Recently, the International Monetary Fund (IMF) pointed to Wall Street and its culture of big bonuses as a possible contributor to the reckless investing culture that exists. This NY Times (Cohan, 9 Oct 2014) article explains:
“Pay incentives may go too far and encourage the bank staff to engage in too much risk taking from the shareholders’ point of view.”
“For example,” the I.M.F. report observes, “by taking on loans that appear to be profitable in the short term but come with hidden, long-term risks, bankers can increase their immediate performance-based pay and move on before the risks materialize.”
A little history: Once upon a time, when Wall Street was made up of a series of undercapitalized private partnerships, partners actually contributed their own capital and had their entire net worth at risk every day. If a trader or a banker made a wrong bet and the partnership went bankrupt, creditors could seize the fortunes of individual partners to try to get their money back. Needless to say, with their own personal capital at risk, bankers and traders were reluctant to do anything too foolish.
This sounds like a classic case of moral hazard to me. By their large short-term compensation plans, young investment bankers are encouraged to take risk, but bailout is always right around the corner.
What are some other everyday examples of a moral hazard?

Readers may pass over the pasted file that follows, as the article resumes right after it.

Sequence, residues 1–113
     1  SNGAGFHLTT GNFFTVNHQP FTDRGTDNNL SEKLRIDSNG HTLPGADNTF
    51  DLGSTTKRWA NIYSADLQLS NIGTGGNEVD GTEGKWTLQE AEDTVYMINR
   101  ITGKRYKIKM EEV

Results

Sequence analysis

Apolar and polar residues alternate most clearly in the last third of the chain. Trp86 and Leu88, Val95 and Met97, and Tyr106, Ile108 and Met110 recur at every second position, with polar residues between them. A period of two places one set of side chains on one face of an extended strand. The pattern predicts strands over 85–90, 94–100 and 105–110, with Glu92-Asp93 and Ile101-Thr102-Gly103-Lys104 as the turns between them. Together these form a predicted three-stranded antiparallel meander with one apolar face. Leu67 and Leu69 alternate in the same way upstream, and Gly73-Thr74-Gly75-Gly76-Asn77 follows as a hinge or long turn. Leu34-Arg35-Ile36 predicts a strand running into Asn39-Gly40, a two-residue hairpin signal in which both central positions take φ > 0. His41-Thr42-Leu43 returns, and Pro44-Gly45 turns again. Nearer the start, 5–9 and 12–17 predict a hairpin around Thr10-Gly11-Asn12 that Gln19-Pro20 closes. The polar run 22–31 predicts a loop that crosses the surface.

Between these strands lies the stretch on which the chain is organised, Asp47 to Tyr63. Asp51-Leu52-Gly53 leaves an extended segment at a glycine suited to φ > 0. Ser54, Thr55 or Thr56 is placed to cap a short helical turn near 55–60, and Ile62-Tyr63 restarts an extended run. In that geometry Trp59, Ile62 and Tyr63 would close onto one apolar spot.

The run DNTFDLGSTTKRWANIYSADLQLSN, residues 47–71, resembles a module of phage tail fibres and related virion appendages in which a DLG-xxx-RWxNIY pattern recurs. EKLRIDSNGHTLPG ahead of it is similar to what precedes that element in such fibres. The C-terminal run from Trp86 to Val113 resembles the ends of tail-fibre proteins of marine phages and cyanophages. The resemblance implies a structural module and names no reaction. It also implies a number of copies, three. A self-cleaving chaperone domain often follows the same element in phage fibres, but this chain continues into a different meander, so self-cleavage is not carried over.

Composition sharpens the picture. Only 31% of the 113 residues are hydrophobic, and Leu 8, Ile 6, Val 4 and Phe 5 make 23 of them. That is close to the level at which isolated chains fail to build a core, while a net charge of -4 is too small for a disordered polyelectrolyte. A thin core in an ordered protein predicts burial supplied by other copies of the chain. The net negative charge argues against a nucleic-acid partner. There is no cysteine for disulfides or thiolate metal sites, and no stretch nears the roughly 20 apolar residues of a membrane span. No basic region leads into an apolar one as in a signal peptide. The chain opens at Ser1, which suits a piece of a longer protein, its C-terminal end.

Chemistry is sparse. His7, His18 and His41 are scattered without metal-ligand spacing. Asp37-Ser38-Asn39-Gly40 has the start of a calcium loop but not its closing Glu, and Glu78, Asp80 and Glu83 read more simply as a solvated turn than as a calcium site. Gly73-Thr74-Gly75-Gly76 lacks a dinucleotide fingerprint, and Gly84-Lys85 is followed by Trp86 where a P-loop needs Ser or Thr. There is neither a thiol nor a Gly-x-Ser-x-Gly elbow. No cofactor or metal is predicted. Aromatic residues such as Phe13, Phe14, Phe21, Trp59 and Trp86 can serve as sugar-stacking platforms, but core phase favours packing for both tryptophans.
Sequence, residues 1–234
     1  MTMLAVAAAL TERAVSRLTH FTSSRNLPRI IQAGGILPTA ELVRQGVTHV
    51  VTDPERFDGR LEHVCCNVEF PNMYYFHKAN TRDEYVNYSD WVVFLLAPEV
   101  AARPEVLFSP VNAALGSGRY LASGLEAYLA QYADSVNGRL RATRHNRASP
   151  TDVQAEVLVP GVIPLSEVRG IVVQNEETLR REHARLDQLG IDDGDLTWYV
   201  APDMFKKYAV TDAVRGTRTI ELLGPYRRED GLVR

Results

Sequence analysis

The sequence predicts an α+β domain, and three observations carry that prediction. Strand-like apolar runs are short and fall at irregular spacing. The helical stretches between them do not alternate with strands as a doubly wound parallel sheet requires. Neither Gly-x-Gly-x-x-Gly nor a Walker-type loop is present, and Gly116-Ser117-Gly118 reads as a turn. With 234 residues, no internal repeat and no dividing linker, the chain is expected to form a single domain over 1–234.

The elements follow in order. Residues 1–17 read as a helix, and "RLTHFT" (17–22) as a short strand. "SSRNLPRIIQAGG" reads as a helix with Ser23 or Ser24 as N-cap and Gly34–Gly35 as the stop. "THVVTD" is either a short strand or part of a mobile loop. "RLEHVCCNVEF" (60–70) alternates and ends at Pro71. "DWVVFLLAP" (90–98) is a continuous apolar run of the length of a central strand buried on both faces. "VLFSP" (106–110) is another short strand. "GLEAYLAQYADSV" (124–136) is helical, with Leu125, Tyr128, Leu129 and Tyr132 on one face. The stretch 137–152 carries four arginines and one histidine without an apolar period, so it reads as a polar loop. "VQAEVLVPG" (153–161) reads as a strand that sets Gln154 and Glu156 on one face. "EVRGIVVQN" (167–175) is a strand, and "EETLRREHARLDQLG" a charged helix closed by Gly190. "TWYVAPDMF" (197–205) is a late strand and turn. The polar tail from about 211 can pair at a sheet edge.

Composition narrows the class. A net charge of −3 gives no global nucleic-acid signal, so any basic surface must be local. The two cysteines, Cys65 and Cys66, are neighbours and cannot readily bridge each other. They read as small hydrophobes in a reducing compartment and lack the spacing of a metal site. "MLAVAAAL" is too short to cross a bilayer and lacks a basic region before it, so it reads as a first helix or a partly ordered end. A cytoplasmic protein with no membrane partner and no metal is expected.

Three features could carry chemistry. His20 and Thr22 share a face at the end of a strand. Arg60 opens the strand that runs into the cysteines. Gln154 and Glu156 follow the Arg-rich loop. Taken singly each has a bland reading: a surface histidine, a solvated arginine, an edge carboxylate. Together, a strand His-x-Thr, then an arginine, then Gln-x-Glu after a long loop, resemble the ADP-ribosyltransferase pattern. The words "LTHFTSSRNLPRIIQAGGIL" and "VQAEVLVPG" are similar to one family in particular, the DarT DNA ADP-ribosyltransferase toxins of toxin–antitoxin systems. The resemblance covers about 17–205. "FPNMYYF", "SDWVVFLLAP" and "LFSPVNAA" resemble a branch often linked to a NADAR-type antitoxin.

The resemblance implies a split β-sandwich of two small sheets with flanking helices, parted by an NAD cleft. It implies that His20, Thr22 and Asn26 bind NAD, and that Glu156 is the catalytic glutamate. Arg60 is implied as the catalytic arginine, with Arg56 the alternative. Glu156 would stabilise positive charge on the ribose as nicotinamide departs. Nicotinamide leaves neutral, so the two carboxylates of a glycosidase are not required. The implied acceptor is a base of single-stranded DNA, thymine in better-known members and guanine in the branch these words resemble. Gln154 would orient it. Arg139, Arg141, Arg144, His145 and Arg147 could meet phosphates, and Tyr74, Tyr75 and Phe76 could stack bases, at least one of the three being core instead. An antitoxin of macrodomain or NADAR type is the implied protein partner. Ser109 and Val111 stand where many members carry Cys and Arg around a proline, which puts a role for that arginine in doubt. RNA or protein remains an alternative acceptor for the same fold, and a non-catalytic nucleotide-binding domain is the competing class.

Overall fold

How can the moral hazard problem be solved?
[Watch the video here]
In finance, we deal with big data all the time. When traders and researchers have to manage large numbers of stock price and quote observations, they're managing big data.
This Harvard Business Review (HBR) video explains the difference between "big data" and "analytics." According to the video, big data refers to the "vast volumes and types of information that companies can now collect and process using increasingly high tech systems." Analytics, on the other hand "are the use of math and statistics to derive meaning from data in order to make better business decisions."
What are the sources of big data?
In what ways are data structured? In what ways are data unstructured?
What are the 3 types of analytics?
What are some other examples of big data and analytics in finance?
This interview with Blockchain president, Peter Smith, explains the Bitcoin market. Blockchain is the software company that provides the computer programming needed for investors to use their Bitcoin. The company is not an exchange, as he points out, but rather it is strictly a software company providing the computer services needed for this market to operate.